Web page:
Amanda Kingsley Malo; @kingsleymalo
How do you describe your job to your family?
By day, I’m an elementary school teacher and I work with the most amazing bunch of curious, funny and lovely children. By night, I’m the founder of PoliticsNOW, a grassroots organization that is dedicated to engaging, empowering and electing women in municipal politics in Northern Ontario.
Where did you go to school and what did you study?
I attended the University of Ottawa for my bachelor of arts, with a major in history. Afterwards, I moved back to my hometown of Sudbury, Ont. to attend L’École des sciences de l’éducation at Laurentian University for my bachelor of education.
What was your first paying gig out of school? (In your field, or not.)
When I graduated from teachers’ college, I ended up getting on as a project coordinator for a non-profit performing arts organization whose mandate is to promote French Canadian history. It was like someone took all of my favourite interests and turned it into my dream job. I was bummed that it was only a one-year contract to help get the organization off the ground.
What was your BIG break? How did you land it?
I created my big break without even knowing it. After working on a federal political campaign, I wanted to take the skills I had learned and get involved with an organization that would allow me to help women get elected, but none existed locally. After some encouragement from a mentor, I founded PoliticsNOW to try to solve some of the barriers that women face when running for office in northern and rural communities. I thought it was going to be a fun, part-time gig that would give me purpose during my summers, but instead, it took off really quickly. It became evident how sorely needed this organization was, and I have been running with it ever since.
What would you say has been your most significant setback, career-wise, to date? How did you bounce back?
This is not a setback, per se, but I have recently become a mom, and I’m still adjusting to working around someone else’s schedule. I’ve had to reevaluate my keys to effective work-life balance and change the way that I get things done. I’m booking conference calls to coincide with nap time, running webinars in the evening, and bringing her along to meetings. I’ve had to learn to lean on others more and ask for help and support when I need it while also being more thoughtful about my work and more productive with my time. “Give yourself grace” has become my new mantra, and it’s one I have to remind myself of daily as I adapt to this wonderful new phase in my life.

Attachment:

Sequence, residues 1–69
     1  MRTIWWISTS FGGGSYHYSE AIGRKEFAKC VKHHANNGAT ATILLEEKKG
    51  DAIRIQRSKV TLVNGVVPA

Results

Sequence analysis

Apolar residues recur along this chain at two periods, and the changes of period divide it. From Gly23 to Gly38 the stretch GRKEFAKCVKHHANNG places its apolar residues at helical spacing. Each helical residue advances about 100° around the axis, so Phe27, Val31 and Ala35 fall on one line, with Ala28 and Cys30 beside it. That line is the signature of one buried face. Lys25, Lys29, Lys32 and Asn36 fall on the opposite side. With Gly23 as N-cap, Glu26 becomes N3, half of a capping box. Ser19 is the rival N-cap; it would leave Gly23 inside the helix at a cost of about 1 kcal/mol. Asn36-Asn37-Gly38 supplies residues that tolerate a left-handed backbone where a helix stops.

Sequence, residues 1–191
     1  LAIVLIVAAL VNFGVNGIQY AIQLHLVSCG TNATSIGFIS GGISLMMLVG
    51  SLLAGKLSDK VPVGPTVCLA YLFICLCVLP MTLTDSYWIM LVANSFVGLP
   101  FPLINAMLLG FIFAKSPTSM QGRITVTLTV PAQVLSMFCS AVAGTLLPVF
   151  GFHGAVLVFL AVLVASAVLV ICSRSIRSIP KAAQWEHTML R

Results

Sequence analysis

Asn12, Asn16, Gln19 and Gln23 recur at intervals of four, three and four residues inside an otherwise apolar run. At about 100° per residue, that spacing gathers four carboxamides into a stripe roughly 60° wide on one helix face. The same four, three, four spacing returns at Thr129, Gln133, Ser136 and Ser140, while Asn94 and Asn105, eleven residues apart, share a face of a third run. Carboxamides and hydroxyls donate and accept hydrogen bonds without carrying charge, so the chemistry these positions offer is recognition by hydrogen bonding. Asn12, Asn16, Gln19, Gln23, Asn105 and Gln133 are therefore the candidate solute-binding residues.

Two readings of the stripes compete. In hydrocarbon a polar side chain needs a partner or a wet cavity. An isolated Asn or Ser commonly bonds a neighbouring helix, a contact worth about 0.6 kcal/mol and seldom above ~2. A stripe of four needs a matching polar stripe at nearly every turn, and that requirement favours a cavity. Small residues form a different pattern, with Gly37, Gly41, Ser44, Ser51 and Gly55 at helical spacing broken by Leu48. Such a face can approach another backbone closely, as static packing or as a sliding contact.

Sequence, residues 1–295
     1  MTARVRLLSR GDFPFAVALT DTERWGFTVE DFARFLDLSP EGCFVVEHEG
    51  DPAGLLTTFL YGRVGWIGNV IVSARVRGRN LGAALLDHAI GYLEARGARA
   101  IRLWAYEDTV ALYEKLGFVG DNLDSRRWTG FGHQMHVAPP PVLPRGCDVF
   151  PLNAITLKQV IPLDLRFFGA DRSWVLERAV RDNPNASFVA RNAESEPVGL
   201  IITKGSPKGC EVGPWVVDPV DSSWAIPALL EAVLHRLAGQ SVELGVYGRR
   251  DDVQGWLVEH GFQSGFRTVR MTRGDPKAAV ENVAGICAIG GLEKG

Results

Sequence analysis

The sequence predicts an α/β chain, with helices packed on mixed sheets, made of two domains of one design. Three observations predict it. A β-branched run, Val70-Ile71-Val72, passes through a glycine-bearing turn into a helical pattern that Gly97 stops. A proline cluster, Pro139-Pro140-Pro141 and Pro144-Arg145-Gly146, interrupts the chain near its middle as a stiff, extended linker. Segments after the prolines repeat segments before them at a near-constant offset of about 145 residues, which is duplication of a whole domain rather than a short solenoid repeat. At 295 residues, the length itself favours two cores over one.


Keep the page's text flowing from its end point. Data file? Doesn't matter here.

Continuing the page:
How would you describe your industry in terms of representation and inclusivity?
While I think that there is more general awareness that women are sorely under-represented in politics, we’re only just beginning to see women run in larger numbers. There also needs to be a bigger push to empower people of colour, Indigenous people and LGBTQ+ people to run for government and councils in higher numbers, because our governments cannot truly represent us effectively until it as diverse as we are.
What’s the most pressing issue facing women in your industry right now? What would fix it?
We need to get women elected. One of the ways we’re trying to facilitate that is by offering various bilingual educational opportunities for those who want to learn about the basics of campaigning. By giving women the tools that they need to be successful, we’re hopeful that they will be better equipped and prepared to run effective and successful campaigns. So far, we’ve also been able to keep our events free to ensure greater accessibility, which is incredibly important to ensure all can participate.
Do you think you earn a similar wage as your male counterparts in your industry?
I don’t think that there is a male equivalent to groups like mine. Men have traditionally had more opportunities to run for office. Men are encouraged to run for office in higher numbers. Statistics show that women have to be asked at least half a dozen times to run for office before they begin to consider it, and activists have had to build movements around that. Women face more systematic barriers when they decide to run, and that is why organizations like ours exist.
Looking to the future, what excites you the most about your career?
PoliticsNOW gives me the amazing opportunity to educate, prepare and inspire the next generation of women candidates and politicians in my region. The more women we prepare, the more women will feel confident enough to run, which will lead to more women getting elected and women being better represented on their city councils. By helping women get elected, I help lead the charge towards the change I want to see.